Sound is a pressure wave. Continuous sound is a continuous stream of high pressure fronts followed by low pressure fronts. The louder a given sound is, the higher the difference in pressure between a crest and trough; pressure is the amplitude of the sound wave. Furthermore, the volume of a sound is also dependent on frequency. Humans are not as sensitive to high frequency and low frequency sounds. So, for example, a song with a lot of bass has to be played at a higher amplitude in order to be just as loud.
The threshold of pain (that is, the loudest a sound can be before most people experience pain) is about 100 phon. The figure below from Wikipedia shows how that relates to amplitude and frequency.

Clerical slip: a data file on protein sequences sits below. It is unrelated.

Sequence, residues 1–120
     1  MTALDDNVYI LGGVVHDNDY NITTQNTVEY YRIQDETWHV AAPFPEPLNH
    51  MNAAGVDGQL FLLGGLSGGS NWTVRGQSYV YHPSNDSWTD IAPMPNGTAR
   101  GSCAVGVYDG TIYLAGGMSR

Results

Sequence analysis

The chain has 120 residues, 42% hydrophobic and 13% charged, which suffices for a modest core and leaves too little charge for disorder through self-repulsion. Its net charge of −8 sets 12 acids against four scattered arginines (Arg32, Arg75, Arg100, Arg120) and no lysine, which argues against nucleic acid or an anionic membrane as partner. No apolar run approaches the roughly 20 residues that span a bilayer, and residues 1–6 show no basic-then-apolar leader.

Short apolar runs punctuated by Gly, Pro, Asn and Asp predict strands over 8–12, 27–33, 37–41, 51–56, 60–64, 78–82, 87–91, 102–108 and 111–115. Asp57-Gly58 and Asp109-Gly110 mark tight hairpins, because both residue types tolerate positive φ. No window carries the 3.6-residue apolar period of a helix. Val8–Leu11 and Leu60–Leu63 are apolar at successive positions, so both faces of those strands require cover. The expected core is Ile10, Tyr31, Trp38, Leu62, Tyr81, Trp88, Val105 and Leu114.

The red lines show constant volume. The abscissa is frequency and the ordinate is sound pressure level.
As you can see, for 100 phon, the low frequency sounds go up to $130$ dB. I'll spare you the explanation from Wikipedia, but this translates to the high pressure fronts being about $150~Pa$ above the standing air pressure and the low pressure fronts being about $150~Pa$ below average. That means from high to low pressure, you experience a $300~Pa$ difference. That may not seem like much given that the sea level pressure is around $101~kPa$, but it should be noted that $100~Pa$ is the pressure from a strong breeze and $300~Pa$ is about the lung over-pressure of a normal breath. So it's not surprising that you feel a pulse every time the music plays a strong bass. Another way to look at it is it's like you're lying down and every time a bass note is played, your whole body is covered with 2 layers of US quarters, which are removed once the note stops again. Doesn't sound like much, but you'd definitely notice it.